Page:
Under the best of circumstances, mediation may not result in the resolution of a litigated dispute. This may be as a result of factors which are not under the control of the parties. However, mediations are often negatively affected by basic mistakes involving factors that are within the parties’ control. While many of the following points may seem simple, I have seen even experienced attorneys make these mistakes.
1. Failure to submit a brief prior to the mediation.
This is an excellent opportunity to inform both the mediator and your adversary of your position. It will save time at the mediation and facilitate negotiations.
2. No discussions with your adversary have taken place prior to the mediation.
Some preliminary discussion with your adversary regarding the parameters of the negotiations should take place beforehand. This may often encompass preliminary settlement demands and/or offers which will give some shape to the mediation and avoid surprise.
3. A demand or offer that has been made prior to the mediation is changed.
This can doom a mediation from the outset. Parties cannot negotiate against a moving target. It is simply bad faith to make a settlement demand or offer prior to the time of the mediation and change it on the day thereof. This obviously breeds distrust and poisons the negotiation process.
4. The client is not present at the mediation.
Often the party with the authority to settle the case does not appear at the mediation. This can create a lack of trust with respect to the ability of counsel to negotiate with authority to settle the case and thereby impede the negotiation process.
5. The client has not been properly prepared for the mediation process.
What is common knowledge to the attorneys with respect to the mediation process is usually alien to the client. Clients may not fully understand the negotiating process. The client can become easily frustrated by the back and forth negotiations and become less willing to compromise.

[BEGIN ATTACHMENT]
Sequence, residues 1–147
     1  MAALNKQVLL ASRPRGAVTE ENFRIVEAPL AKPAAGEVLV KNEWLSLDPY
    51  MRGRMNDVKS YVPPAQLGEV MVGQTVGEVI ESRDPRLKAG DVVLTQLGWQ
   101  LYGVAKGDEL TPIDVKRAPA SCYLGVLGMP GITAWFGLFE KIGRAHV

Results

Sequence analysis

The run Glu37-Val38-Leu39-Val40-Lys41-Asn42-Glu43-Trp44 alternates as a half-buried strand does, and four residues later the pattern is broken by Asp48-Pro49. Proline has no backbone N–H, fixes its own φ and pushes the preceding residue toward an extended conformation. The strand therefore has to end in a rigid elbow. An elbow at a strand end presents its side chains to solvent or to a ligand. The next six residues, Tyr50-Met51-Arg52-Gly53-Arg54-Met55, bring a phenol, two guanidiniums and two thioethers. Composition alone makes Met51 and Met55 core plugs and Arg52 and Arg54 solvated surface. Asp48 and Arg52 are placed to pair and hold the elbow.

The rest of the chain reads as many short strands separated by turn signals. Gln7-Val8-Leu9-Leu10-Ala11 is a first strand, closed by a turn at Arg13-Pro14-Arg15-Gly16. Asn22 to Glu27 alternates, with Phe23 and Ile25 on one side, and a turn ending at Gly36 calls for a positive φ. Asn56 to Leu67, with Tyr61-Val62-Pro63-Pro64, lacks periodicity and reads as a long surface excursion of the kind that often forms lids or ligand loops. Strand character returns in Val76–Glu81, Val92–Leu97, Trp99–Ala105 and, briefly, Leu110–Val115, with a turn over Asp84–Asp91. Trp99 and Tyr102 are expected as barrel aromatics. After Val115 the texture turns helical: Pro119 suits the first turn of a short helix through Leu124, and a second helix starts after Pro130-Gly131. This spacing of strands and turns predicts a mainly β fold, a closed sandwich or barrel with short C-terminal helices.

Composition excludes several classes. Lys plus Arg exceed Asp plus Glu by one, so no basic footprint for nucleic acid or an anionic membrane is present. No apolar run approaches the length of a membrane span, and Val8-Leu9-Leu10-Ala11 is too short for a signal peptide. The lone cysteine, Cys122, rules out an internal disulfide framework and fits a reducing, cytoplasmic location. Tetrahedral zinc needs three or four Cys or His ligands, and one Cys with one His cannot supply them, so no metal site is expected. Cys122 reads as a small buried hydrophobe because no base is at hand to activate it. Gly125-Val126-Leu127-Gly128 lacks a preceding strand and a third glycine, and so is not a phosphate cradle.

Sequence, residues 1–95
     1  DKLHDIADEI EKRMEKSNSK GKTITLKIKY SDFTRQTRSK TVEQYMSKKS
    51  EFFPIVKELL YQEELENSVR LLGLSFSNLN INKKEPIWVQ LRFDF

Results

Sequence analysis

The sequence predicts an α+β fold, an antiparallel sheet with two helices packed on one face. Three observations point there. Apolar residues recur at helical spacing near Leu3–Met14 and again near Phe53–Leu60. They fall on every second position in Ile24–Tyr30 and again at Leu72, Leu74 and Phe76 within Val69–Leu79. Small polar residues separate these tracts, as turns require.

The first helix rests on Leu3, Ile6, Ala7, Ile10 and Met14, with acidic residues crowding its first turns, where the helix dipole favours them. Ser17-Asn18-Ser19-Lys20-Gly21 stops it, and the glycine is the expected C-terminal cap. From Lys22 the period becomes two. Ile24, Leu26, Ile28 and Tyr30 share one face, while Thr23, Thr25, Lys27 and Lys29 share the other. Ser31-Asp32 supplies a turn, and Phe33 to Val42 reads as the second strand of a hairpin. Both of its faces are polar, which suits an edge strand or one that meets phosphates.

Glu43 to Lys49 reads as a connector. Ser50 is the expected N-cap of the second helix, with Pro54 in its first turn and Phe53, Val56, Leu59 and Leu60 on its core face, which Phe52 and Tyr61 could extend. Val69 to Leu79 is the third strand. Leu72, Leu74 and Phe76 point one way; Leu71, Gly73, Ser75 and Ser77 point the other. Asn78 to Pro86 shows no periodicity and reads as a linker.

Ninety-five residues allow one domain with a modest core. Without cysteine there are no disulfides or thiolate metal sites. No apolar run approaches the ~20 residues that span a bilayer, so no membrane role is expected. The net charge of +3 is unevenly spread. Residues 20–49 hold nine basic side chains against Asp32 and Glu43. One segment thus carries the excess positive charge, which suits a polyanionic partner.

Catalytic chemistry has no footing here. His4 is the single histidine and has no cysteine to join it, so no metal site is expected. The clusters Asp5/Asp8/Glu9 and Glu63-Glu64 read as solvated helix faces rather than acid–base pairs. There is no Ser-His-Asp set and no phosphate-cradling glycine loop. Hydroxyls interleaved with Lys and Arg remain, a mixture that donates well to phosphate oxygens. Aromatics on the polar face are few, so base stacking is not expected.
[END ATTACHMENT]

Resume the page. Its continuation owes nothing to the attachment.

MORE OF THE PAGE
6. The parties refuse to speak to each other face-to-face.
Many times, due to animosity that has arisen out of the litigation process, counsel and/or their clients do not wish to speak to one another face-to-face. This is a mistake as the opportunity toexplain one’s position is an integral part of the mediation process.
7. A party refuses to respond to a demand or offer.
The mediation process is usually one of give-and-take. Even if you feel that the offer or demand is “insulting,” it is important that some response be given albeit in the form of a nominal compromise. A refusal to negotiate at all may end the process.
8. After a settlement has been reached, a party seeks to impose new conditions that have never been discussed.
This will almost certainly cause a failure of the process. It is simply not good faith to withhold conditions that are a part of the settlement until an agreement with respect to its major terms has been reached.
9. Counsel agrees to a settlement without the client’s understanding or consent.
The client should be completely engaged in the process at all times and made aware of all the negotiations. Counsel must be sure that they have their client’s consent before they agree to asettlement.
10. The parties refuse the opportunity to reconvene in the event of an impasse.
Many times it appears that there is absolutely no way a case may be settled. It is all too common that, out of frustration, the parties’ reject the mediator’s invitation to re-convene for a joint session. This additional meeting frequently results in the impasse being overcome.
Ultimately the “basics” (as they say in baseball) can make or break the player or the game.